This project began during a period of unwanted and unexpected isolation, brought on by the COVID-19 Pandemic. With all photographic work at a sudden standstill, we began with self-portraits as a way to wrestle with our own anxiety and preserve an unprecedented time in history. As photographers that is how we naturally respond to things. We photograph them, if only to have a record of their existence.
We then moved outward, contacting friends, family, neighbors, using Craigslist. We sought all ages, economic groups, races, genders, and sexual orientations. For the pandemic became a strangely unifying experience, regardless of who you were or what you believed, we were all isolated together. The project revealed a shared humanity, as we explored conditions of aloneness as proof of belonging.
Inspired by Edward Hopper, the narratives appear as if stills for a movie or tableaux in a play. Yet, though crafted, our work is informed by our photojournalistic roots and is documentary at its core. Each image is a retelling of a person’s story inspired by how they were feeling, how life had changed and what they were doing to cope (or not cope) during the COVID lockdown. To the viewer it is as if you have happened upon a scene, a series of uneasy moments marked by a vague feeling that something is not quite right.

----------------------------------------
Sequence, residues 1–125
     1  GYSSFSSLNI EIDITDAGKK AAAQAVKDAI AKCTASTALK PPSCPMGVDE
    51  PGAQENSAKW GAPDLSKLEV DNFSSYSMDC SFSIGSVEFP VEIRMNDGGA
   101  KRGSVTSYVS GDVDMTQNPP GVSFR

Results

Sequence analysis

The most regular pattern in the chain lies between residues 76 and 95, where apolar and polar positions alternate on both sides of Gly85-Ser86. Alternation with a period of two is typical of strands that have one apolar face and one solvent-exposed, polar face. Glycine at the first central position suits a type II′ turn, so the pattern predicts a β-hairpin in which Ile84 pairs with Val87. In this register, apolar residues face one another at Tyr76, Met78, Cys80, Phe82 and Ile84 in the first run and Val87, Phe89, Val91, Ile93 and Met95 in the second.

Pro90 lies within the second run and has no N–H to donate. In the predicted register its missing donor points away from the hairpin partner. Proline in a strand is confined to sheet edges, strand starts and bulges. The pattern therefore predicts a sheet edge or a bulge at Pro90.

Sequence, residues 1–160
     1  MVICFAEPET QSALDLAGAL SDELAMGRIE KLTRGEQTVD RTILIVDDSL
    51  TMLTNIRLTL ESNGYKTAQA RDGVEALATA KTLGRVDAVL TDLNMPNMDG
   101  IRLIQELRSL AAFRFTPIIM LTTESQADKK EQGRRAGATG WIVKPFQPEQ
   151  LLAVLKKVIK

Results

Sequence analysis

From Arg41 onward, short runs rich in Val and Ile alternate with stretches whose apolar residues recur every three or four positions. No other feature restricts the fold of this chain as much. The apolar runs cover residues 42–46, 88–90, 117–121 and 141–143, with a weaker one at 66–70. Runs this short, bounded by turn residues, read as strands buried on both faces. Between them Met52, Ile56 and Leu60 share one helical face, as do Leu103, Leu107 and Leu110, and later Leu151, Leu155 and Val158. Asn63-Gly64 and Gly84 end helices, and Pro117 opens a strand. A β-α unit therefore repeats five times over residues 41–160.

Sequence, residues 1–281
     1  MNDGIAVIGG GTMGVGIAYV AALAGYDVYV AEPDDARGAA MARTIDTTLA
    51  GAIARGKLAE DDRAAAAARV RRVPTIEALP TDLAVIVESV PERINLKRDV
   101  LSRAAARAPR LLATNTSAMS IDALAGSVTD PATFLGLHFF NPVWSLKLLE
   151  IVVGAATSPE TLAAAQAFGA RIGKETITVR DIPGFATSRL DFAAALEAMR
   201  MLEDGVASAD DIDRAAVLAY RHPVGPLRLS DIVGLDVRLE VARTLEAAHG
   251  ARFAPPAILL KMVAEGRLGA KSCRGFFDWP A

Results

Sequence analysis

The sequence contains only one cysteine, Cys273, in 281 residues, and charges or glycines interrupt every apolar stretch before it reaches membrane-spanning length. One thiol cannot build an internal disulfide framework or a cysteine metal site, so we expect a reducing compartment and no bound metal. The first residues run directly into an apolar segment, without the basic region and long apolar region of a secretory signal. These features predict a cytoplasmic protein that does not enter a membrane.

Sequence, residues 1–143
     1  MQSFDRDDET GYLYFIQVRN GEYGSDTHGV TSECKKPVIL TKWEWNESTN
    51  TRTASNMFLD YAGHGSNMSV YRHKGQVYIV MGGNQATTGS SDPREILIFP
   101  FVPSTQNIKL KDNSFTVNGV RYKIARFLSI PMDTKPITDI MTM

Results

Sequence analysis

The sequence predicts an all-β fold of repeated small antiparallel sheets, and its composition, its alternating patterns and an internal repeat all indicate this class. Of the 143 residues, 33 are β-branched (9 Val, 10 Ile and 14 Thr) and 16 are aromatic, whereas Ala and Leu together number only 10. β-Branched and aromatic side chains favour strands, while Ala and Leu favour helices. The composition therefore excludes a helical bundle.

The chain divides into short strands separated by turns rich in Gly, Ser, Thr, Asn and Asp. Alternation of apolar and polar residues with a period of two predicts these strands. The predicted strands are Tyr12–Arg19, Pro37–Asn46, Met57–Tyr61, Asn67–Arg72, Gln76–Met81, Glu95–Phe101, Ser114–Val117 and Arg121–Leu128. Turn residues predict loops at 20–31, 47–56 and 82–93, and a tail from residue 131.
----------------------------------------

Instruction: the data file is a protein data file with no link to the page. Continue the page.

During the time while our world was closed, we documented rage, laughter, tears, joy, and fear, sometimes all in a single session. The challenge was to create intimacy from a distance, which is a question we all will be asking for years to come. So we pushed on, looking for connection. As photographers we crave it, it is the reason why we do what we do. To see how people live, see how they survive and to help them feel seen and heard. Even when, especially when, we are in isolation.